The Contribution of Oil and Gas for the Transition to Long Range Novel Energy Systems

Häfele, W. (1983). The Contribution of Oil and Gas for the Transition to Long Range Novel Energy Systems. In: Training, Environment, Conservation, Health, Safety, Supply and Demand, Finance. Proceedings of the 11th World Petroleum Congress. pp. 149-158 Chichester, UK: John Wiley. ISBN 0471902519

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For medium and long range considerations of twenty to fifty years, i.e. up to the years 2000 and 2030, the growth of energy demand should be considered in a global context. Interdependence will grow. In the study `Energy in a Finite World' of the International Institute for Applied Systems Analysis (IIASA), Austria, demand and supply scenarios were elaborated in detail for seven world regions. One of the striking features of these scenarios is the strong and significantly increasing demand for liquid or gaseous hydrocarbons despite energy conservation and substitution measures. On the supply side this means more and more unconventional fossil fuels such as shale oil, tar sands and low-grade brown coal. In this paper we consider a transition from the current energy systems to novel fossil energy conversion and distribution systems that will contain all of the mass streams and thereby avoid environmentally hazardous emissions. It is then natural to extend these considerations to prospects for a sustainable hydrogen-based energy system in the far future which would not be constrained by resource limitations.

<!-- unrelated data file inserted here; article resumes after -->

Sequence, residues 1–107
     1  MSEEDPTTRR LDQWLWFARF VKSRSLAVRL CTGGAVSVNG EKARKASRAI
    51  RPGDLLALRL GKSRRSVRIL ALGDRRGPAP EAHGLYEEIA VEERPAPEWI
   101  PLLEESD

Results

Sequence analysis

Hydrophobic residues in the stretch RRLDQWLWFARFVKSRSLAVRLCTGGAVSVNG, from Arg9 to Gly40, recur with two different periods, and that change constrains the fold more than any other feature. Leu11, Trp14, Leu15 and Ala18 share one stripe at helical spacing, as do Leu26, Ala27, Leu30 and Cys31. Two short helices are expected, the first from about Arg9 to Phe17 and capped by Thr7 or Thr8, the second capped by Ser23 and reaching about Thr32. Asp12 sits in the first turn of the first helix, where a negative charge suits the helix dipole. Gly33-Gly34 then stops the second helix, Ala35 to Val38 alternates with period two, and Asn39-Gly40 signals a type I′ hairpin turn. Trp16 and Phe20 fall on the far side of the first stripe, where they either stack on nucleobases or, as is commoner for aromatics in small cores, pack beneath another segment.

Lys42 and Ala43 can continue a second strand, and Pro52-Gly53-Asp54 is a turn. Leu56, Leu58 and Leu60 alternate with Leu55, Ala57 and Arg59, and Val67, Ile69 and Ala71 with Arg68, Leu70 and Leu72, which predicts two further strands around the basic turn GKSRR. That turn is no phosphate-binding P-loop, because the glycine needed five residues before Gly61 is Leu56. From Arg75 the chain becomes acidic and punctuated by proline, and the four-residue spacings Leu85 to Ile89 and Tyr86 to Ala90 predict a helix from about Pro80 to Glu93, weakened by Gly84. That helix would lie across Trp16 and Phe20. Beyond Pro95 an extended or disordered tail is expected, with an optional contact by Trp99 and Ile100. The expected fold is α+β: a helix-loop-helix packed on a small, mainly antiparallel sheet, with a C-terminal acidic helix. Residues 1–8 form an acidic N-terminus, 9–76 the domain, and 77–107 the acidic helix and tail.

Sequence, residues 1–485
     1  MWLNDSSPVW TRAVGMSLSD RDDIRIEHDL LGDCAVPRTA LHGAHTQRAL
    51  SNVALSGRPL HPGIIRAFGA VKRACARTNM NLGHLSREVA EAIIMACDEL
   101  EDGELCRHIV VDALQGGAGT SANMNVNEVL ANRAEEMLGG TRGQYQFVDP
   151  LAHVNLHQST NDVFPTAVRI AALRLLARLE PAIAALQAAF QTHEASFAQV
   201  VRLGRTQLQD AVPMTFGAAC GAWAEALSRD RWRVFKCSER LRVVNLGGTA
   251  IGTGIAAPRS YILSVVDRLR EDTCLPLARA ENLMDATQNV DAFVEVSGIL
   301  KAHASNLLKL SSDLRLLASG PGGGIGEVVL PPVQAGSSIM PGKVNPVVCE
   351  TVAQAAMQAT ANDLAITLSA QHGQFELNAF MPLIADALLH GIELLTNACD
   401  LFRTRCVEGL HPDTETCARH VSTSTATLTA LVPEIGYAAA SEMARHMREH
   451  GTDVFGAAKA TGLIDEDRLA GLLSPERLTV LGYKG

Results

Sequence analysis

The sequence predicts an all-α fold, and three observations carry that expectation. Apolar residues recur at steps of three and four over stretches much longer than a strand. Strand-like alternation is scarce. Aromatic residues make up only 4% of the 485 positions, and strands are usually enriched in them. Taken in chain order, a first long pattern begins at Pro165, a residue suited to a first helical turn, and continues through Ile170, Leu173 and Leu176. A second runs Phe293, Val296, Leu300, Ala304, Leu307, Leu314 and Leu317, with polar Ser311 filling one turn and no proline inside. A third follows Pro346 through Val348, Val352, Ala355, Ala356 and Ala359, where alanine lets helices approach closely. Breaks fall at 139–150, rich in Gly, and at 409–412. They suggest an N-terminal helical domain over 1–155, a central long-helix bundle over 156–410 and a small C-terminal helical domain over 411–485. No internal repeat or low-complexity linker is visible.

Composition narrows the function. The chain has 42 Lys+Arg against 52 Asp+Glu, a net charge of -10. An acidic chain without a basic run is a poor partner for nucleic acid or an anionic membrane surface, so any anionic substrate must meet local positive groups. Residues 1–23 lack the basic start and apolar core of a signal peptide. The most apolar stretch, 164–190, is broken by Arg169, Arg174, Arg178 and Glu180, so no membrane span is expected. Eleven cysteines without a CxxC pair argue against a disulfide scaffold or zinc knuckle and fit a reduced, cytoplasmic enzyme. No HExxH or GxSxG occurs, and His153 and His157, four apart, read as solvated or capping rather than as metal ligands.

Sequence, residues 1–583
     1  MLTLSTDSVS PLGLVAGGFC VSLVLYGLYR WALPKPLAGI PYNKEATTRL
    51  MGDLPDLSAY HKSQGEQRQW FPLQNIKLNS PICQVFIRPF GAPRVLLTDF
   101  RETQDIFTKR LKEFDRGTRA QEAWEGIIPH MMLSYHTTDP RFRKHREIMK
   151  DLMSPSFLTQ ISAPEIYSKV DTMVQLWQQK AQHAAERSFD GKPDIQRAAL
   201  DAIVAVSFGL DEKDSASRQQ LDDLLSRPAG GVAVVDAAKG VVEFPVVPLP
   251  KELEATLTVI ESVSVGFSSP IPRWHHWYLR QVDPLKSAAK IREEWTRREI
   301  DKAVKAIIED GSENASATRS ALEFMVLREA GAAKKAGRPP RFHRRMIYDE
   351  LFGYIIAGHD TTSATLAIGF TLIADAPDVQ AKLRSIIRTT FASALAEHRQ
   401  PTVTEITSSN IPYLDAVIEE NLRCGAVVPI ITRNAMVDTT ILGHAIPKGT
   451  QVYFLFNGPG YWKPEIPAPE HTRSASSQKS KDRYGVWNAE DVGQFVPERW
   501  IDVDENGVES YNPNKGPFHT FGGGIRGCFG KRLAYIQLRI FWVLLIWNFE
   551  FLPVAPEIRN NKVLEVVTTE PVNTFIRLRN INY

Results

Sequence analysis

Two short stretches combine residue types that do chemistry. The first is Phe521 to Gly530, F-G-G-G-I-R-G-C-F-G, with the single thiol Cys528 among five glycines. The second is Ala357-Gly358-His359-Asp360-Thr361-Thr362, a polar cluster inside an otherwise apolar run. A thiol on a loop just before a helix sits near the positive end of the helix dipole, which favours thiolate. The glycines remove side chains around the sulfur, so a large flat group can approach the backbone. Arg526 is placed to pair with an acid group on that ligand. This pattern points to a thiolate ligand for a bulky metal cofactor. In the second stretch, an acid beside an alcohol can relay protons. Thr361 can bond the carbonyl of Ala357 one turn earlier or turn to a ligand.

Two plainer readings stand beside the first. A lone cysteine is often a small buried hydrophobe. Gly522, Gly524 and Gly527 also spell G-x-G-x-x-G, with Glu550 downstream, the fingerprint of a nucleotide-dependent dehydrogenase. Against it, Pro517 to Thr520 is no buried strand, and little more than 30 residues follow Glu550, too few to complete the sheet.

Item Type: Book Section
Additional Information: Paper presented at the 11th World Petroleum Congress, 28 August-2 September, London, UK
Research Programs: Energy (ENE)
Depositing User: Michaela Rossini
Date Deposited: 03 May 2016 06:42
Last Modified: 27 Aug 2021 17:26

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